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Project management


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Project management

  1. 1. Project ManagementDelivering the contract
  2. 2. Realisation of the proposal• The contract has been signed• Start dates and completion dates are agreed• The whole project now moves into the “Realisation” stageConception Development Realisation
  3. 3. The Guggenheim Museum, Bilbao Frank GehryConception Development Realisation
  4. 4. The building design process v. project managementConception Development Realisation Design process: tails off on realisation Project Contractor appointed to organise management the realisation stage of the project and is responsible for the project management
  5. 5. The “Project”• There may be two projects running in parallel: – The entire design project, managed by the architect/professional advisor: • Completing and delivering the design – The realisation project managed by the contractor: • Completing and delivering the building – Sometimes the design project finishes completely at the end of the development stage
  6. 6. Managing the design project• The architect’s responsibility during the realisation phase of the design project is to ensure two things: 1. That what the contractor delivers is what the employer expects-the contract is met 2. Where that cannot be done, that the employer agrees any changes which have to be made • Where the design project is terminated at the end of the development stage, there may be no professional protection for the employer.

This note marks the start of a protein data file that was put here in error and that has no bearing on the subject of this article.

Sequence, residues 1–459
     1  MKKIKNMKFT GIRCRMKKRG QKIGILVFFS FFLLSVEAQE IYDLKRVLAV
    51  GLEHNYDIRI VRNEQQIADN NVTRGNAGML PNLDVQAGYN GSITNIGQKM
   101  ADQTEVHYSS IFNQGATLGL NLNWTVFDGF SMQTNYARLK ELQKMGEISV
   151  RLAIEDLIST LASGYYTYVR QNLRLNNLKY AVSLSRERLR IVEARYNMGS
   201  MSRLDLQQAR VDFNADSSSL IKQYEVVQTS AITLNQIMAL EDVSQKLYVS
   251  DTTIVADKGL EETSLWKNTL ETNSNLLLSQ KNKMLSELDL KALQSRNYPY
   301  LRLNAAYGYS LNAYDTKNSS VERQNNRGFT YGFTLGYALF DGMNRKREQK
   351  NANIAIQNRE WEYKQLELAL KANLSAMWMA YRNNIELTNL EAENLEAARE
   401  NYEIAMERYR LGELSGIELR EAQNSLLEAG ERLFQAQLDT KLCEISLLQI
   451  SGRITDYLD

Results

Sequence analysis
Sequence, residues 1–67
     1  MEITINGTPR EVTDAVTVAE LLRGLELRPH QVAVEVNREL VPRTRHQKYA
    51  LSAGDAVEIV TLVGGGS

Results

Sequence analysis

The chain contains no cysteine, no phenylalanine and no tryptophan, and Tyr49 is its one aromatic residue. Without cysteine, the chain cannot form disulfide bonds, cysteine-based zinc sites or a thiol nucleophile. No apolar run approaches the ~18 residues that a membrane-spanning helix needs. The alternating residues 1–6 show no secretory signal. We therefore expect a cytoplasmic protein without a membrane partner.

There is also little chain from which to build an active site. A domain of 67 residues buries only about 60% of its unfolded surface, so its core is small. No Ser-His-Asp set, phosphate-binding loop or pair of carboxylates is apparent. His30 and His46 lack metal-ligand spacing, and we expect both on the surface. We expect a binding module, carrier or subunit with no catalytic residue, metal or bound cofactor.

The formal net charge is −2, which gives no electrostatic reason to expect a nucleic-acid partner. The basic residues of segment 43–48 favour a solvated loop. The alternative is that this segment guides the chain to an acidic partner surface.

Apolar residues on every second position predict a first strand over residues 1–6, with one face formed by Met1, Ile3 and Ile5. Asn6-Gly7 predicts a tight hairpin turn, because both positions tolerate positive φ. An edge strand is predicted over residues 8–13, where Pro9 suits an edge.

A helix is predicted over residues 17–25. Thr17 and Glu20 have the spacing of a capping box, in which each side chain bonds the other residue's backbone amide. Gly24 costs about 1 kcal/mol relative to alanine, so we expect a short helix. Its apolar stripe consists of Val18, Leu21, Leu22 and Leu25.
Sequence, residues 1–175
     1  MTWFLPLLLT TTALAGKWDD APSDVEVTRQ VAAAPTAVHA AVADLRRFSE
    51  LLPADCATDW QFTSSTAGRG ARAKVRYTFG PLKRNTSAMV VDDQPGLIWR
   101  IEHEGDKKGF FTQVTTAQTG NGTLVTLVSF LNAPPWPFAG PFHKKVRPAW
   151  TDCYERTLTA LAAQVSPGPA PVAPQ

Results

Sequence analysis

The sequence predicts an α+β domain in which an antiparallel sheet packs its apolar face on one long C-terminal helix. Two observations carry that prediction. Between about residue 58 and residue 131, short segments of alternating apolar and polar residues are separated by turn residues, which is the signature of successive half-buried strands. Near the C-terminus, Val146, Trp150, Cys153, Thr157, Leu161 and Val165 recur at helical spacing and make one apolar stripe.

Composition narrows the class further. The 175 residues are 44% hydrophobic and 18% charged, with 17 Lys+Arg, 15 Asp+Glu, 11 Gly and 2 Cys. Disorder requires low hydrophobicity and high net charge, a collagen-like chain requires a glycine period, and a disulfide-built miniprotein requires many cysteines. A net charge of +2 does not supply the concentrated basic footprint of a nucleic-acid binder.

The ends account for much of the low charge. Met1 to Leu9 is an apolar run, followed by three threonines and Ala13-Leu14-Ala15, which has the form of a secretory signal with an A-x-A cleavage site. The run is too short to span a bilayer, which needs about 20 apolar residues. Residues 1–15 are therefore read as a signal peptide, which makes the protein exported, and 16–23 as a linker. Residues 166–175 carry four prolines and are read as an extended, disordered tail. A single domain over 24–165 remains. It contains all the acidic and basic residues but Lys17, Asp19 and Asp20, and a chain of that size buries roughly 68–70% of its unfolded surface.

7. 7. Managing the building project• This is the contractor’s responsibility. He/she has to manage – Different trades – Delivery and securing of materials and prefabricated elements (windows, plumbing etc) – Site security and safety – Payment of suppliers and sub-contractors – Testing of materials, as required by the contract – Agreeing changes with the supervising architect
  8. 8. Project management can go wrong…
  9. 9. Project tasks• Every building project is built up of many tasks.• Some of these tasks may be critical in that other tasks cannot be started/completed before they are: – Walls can’t be plastered until basic electrical wiring is installed and completed – Brick laying cannot start until foundations are finished and cured to full strength – Internal decorations can’t start until the building fabric is dry.
  10. 10. Defining tasks• The project is broken into tasks and sub tasks• Dependency of tasks is established (task B can’t start until task A is finished, task C can happen at any time etc. )• Estimated duration of tasks is calculated• A bar chart or GANT chart of the tasks is drawn up
  11. 11. GANT charting• Each task is a horizontal bar• Length of bar = time to complete task• The beginning and end of the chart are the start and finish dates for the building project
  12. 12. GANT chart for project planning• The contractor knows the chart must fit into the contract time.• Different tasks can be tweaked to shorten the overall project time – If a critical task looks like it might take one week too long, the contractor can allocate more resources to it to speed it up – If a non critical task looks like it is consuming resources needed by a critical task, it can be moved to a different time